SHE only joined Coronation Street 18 months ago, but Natalie Gumede has already made a huge impact in an explosive storyline involving male domestic abuse.

“I'm still relatively new and to be part of that, and be trusted with that gift of a storyline, I feel very lucky,” says the 28-year-old actress who was nominated for Best Newcomer for her role as Kirsty Soames at the recent National Television Awards.

“It was really lovely people took the time to vote. I had no idea people would help me get to the shortlist because Kirsty's not a very likeable character. It's amazing that people see past that.”

The Colne actress made her debut as a policewoman in September 2011 and soon became romantically involved with car mechanic Tyrone Dobbs, played by Alan Halsall. But their relationship has been far from smooth.

Kirsty was seen to be manipulative and controlling but, after a brief split, they reunited when she discovered she was pregnant.

The pair set up home together and it was then that the psychological abuse escalated to violent attacks, with Tyrone frequently left battered and bruised.

“I knew she was going to be a bit of a sparring partner for Tina (played by Michelle Keegan), but they obviously saw something sinister in me. I'm not quite sure what that says about me, but anyway,” adds Natalie, laugh-ing.

Unsur-prisingly, her dark portrayal has garnered her status as one of the soap’s most memorable villains, but former Park High School student Natalie doesn't consider Kirsty to be a ‘baddie’ in the stereotypical sense.

“She's just someone who's really troubled. I don’t think it comes from moustache swirling,” says the actress. “It’s inevitable she’ll be called a villain for her awful behaviour but I don’t think the motivation is to hurt people. It's that she’s a very, very damaged individual.

“She's talked with Tyrone at length about the abuse she suffered (from her dad) and she had the opportunity to make it right, but I think pride and denial, and the fact she can't face that she's so like her father, means she's not learning from it and really on a downward spiral."

Terrified he'd no longer be able to see his daughter Ruby if he walked out, Tyrone decided to marry Kirsty. All was going to plan — until Kirsty discovered his romance with Fiz (Jennie McAlpine) and called off the wedding in a showdown at the altar.

"We filmed the church scenes over the course of two days," says Natalie, recalling her untraditional bright purple attire. "It was very Kirsty appropriate," she adds, chuckling.

"At one point I said I wanted black but they drew a line and said, 'No, you're going too far now.' So we went for purple. They made it [the dress] in three days and I thought they did an incredible job — although it's not what I'd personally choose."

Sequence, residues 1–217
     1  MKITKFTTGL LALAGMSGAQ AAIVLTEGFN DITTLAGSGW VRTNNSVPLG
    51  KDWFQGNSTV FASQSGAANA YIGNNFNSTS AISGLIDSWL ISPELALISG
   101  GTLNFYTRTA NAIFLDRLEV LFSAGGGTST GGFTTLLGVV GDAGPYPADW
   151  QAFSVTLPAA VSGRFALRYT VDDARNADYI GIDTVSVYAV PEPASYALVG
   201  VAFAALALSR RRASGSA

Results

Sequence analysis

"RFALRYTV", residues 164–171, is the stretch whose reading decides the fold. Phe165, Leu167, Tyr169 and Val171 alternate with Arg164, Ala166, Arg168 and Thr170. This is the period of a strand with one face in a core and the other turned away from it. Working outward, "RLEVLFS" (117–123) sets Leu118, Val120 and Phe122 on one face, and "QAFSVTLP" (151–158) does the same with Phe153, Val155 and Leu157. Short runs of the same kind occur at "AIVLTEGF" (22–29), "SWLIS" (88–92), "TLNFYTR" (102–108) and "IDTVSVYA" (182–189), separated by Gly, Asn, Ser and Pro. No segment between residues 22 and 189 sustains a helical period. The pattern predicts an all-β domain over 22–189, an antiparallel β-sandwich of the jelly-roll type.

Despite the drama of the wedding, Natalie says that, ironically, it was less stressful to film than the more intimate moments between herself and Halsall.

"Some of the pressure's off in a way, because there's so many cast members and they have to get a lot of shots, so they don't film as much as they do of you in the studio."

Indeed, a busy day on set can involve up to 15 scenes, and many more takes.

"We usually have so many scenes to do there's not enough time to indulge in distress. It's straight on to the next one," says Natalie, who's loved the recent turn of events.

In a dramatic twist, Kirsty is now accusing Tyrone of domestic abuse after she accidentally fell down the stairs during an argument.

"She's a very intelligent woman and she knows how to manipulate people. It's just another way of having power over Tyrone," Natalie explains. "Tyrone's the love of her life. I think that's the one piece of happiness she has and, throughout their relationship, despite all of her mistakes, he has at least appeared to have forgiven her.

"I think she thought she had a new start. Now her world's fallen apart. And if she can't have him then no one will. She's not willing to just walk away and let him be happy, no way."

To prepare for the storyline, Natalie and Alan Halsall both worked with the ManKind Initiative, which supports male victims of domestic abuse. Since the storyline began, calls to the charity's phone line have rocketed by 300 per cent.

"For the most part people have been really supportive and just really intrigued to see what happens next," says Natalie. "I certainly expected a lot of negative feedback, because she's not the most likeable character. But Coronation Street as a whole has told a really important story."

And ultimately she thinks the storyline's been tackled with the appropriate sensitivity. "Because it's made people reach out," says Natalie, a former member of Pendle Hippodrome Youth Theatre, who was 11 when she was chosen by the BBC to help present the North West segment of Children In Need.

She later attended the Italia Conti theatrical school before winning small parts in Emmerdale and Doctors, eventually landing her Corrie role.

"It's my first experience of something so huge and it's hard to take that in," says Natalie. "I had no idea how meaty the role was going to be, and how much I was going to be able to get my teeth into."

Natalie has admitted that her character has a shelf life, but viewers can be assured that it's not the end of Kirsty just yet.

"I think people will want to see a consequence for how she's behaved towards Tyrone, but I think all she's doing now is in aid of a reunion," says Gumede. "In her ideal world she thinks they've both made mistakes and there may be a way back."